How to make your own loop back plugs

Last updated: 12/December/2009

 

Warning: These are the pinouts of the plugs which we have made and successfully tested with our own software on our own PC's. You use this information at your own risk! It's easy to make a mistake and we take no responsibility for the potentially serious consequences.

 

Serial port loopback plug pinout (9 Pin)

db9 loop back prototype

You'll find below the pin out instructions for making your own serial port loop back plug. These plugs are designed to be plugged into the serial ports on your computer. In conjunction with software such as BurnInTest 2.2 Pro (or later) they allow the testing of the port by joining the transmit and receive pins together.

The serial port on IBM compatible PC's conform to the RS232 electrical standard and use a male DB-9 connector. (older PC's may use a DB-25). The DB-9 connector as the following 9 pins.

If you don't want to make your own plugs, you can always purchase our serial and parallel loopback plugs.

DB-9 Pin

EIA abbreviation

Description

1 DCD Data carrier detect
2 RXD Receive data
3 TXD Transmit data
4 DTR Data terminal ready
5 GND Signal ground
6 DSR Data set ready
7 RTS Request to send
8 CTS Clear to send
9 RI Ring Indicator

To make the loop back plug the following pins need to be connected together

This diagram shows the pinout connections that need to be made. It's the rear view of the female DB-9 connector that's required for the plug. The red lines and gray dots show the connections that need to be made.

Female DB9 serial loopback plug pinout
Female DB-9 - Rear view

Serial port plugs (Old style 25 Pin)

Here are the pinout connections required for the older 25 Pin serial ports. No new PC's have 25 pin serial ports so don't confuse this with the parallel port.

Female DB25 serial loopback plug pinout

Female DB-25 - Serial loop back - Rear view of pin outs

Parallel port plug loopback pinouts

db25 loopback prototypeYou'll find below the instructions for making your own parallel port loop back plug. These plugs are designed to be plugged into the parallel port on your computer. In conjunction with software such as BurnInTest4.0 Pro (or later) they allow the testing of the port by joining the transmit and receive pins together.

The parallel port on IBM compatible PC's have always used a DB-25 connector. However, over time several changes have taken place to the electrical interface with the introduction of enhanced and bi-directional parallel ports. We believe that this plug will work with all styles of parallel ports.

DB-25 Pin Direction

Description

2 Out Data bit 0 (Least significant bit)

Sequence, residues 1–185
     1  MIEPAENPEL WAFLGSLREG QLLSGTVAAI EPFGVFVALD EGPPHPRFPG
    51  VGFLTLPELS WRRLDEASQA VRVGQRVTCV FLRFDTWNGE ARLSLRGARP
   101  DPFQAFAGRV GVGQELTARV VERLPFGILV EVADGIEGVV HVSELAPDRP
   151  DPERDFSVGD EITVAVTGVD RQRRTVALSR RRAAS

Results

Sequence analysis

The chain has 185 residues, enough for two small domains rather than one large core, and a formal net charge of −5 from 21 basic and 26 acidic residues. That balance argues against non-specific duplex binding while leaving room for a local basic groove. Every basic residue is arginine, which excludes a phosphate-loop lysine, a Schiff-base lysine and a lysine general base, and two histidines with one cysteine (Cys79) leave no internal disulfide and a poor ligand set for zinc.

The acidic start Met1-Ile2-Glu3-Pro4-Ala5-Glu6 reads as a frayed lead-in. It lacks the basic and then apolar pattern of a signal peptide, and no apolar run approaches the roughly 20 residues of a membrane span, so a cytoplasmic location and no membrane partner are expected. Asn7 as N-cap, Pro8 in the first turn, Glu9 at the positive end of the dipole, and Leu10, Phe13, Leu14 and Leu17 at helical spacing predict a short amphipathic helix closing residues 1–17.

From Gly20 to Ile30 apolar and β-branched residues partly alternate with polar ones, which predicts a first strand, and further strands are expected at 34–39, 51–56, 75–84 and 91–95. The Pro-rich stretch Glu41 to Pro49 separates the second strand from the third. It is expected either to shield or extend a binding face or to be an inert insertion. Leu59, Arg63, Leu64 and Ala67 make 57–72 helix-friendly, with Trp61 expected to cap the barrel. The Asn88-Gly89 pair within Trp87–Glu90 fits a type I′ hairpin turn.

3 Out Data bit 1
4 Out Data bit 2
5 Out Data bit 3
6 Out Data bit 4
10 In Acknowledge status
11 In Busy status
12 In Paper out status
13 In Select status
15 In Error status

To make the loop back plug the following pins need to be connected together

This diagram shows the connections that need to be made. It's the rear view of the male DB-25 connector that's required for the plug. The red lines and gray dots show the connections that need to be made.

Male DB25 parallel loopback plug pinout
Male DB-25 - Parallel loop back - Rear view of pin outs

Troubleshooting home made plugs - The top 8 problems

These plugs do work! Here are the top seven reasons why your plugs might not work.

  1. You have wired the plugs completely in reverse. Rather than doing it from the rear view you have done it from the front view. (This is a very very common mistake)
  2. You have printed this page and your printer hasn't printed the right hand section of the page and so you have forgotten to wire up the right side side of the plug. (Try decreasing the left and right page margins in Internet Explorer before you print.)
  3. You have done a poor job soldering the wires and shorted out some additional pins or failed to make a good termination on some links. Don't even attempt to just poke loose wires in the back of a plug. They need to be soldered.
  4. You have confused the parallel plug with the old style 25 pin serial plug.
  5. There is a problem in your PC. There might be some other hardware using the port, you might have selected the wrong LPT1 port in BurnInTest, you might have a nonstandard PC (very rare) or your PC may be legitimately faulty.
  6. You might have the parallel port disabled in BIOS.
  7. The parallel port might not be set to be bi-directional in BIOS. Do not use SPP or PS/2 mode. But rather use EPP or ECP mode in BIOS.
  8. There is a compatibility problem with the testing software you are using. We have only tested these plugs with our BurnInTest product.
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